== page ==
Intellectual Property: What it is and who needs to protect it?

Intellectual Property: What it is and who needs to protect it?

Intellectual Property: What it is and who needs to protect it?

First published in Composites Australia Magazine 2014

Whether large or small, a business may have Intellectual Property (IP) in its brand, products, or processes. If these set the company apart from competitors, then they are probably worth protecting.

Understanding the value of IP and integrating it into a commercial plan has proven to be smart business practice for companies large and small.

For Victorian start-up Carbon Revolution — developer of the world’s first one-piece composite carbon fibre wheel — managing the company IP has been pivotal to its success in raising funds (see page 15).

Investors are unlikely to take you seriously or invest in the company unless they can see there is some form of IP in place for the underlying technology,” says founder and Director of R&D, Dr Matthew Dingle.

IP is defined as “content of the human intellect deemed to be unique and original and to have market place value, and thus to warrant protection under the law”.

The type of IP relevant to a business will depend on the nature of that business.

Trademarks are relevant to most businesses in the context of business/ product/service names. They identify the goods or services of a trader, as distinct from those of other traders. It is worth noting that a registered business name does not provide any legal right to stop others using that name.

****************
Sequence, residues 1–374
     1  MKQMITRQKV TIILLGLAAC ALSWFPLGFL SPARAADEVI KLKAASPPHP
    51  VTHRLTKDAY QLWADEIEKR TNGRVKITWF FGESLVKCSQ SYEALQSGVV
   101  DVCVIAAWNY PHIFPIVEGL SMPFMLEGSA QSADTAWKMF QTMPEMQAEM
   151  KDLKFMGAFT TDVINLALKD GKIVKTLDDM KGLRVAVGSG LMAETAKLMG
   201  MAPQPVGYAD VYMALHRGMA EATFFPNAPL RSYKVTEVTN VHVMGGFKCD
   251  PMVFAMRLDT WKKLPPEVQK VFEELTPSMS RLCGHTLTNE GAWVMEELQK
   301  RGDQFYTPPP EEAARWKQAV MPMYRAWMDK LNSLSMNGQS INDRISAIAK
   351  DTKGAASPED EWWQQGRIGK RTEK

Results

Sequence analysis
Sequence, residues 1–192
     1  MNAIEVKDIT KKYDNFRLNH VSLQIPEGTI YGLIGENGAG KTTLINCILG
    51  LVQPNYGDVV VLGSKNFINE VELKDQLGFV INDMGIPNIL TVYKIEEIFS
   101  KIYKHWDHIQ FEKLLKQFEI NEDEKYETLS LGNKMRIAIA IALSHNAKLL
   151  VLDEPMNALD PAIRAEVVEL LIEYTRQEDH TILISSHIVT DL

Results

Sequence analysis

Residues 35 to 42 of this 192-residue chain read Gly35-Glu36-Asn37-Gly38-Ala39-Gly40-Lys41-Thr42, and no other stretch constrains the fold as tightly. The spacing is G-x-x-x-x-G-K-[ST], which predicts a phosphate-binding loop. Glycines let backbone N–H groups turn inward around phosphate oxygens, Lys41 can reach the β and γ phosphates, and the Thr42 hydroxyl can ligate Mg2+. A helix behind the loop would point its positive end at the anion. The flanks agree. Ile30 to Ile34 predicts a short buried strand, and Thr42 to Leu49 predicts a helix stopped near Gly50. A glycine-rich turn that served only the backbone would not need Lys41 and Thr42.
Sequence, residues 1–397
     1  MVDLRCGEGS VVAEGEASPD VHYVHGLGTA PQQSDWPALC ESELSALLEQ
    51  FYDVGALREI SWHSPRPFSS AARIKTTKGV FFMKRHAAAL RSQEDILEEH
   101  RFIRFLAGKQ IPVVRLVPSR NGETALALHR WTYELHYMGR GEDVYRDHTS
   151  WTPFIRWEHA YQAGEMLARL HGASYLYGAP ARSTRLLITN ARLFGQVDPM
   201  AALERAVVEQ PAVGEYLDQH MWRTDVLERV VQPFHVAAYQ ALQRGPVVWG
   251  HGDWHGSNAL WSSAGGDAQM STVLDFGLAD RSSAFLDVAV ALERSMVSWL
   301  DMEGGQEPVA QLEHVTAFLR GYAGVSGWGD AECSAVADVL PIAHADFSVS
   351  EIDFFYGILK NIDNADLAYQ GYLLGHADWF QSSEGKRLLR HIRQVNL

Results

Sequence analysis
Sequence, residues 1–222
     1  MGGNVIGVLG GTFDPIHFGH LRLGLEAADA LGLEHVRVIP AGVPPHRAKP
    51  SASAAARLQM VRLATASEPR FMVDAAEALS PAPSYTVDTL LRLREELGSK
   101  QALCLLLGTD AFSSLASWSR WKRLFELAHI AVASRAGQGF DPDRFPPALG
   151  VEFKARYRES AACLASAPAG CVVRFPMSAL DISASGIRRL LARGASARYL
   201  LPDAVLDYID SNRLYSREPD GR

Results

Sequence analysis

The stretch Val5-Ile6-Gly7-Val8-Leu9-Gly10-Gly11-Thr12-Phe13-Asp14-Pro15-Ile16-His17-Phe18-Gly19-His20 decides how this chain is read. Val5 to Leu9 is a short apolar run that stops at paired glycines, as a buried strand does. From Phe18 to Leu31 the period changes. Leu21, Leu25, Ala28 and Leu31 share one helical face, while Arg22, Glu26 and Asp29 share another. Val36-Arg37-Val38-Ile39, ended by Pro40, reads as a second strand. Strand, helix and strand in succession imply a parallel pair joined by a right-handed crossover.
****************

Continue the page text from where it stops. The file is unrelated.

In the composites industry, IP can also reside in a manufactured product, a method of making the product, or even in the equipment used to make the product. In that case, patent and/or design protection may be relevant.

Patents protect the way things work, what they are made from, or how they are made. Designs protect the way a product looks; for example, its shape.

IP rights provide a legal mechanism for a business to prevent unauthorised copying or use of their IP. But IP provides more than the ability to enforce rights against a potential infringer.

As a business tool, IP can be used to benefit your business in various ways.
For example, IP can

  • be licensed or sold just like realestate
  • assist with attracting investmentor securing grant funding
  • enhance the sale price of abusiness
  • be used as a bargaining tool in the negotiation of business deals.

It goes without saying that IP in itself is not the key to business success; unfortunately, hard work is still required! However, if effectively managed and used to its full potential, a business’s IP can be its most valuable asset.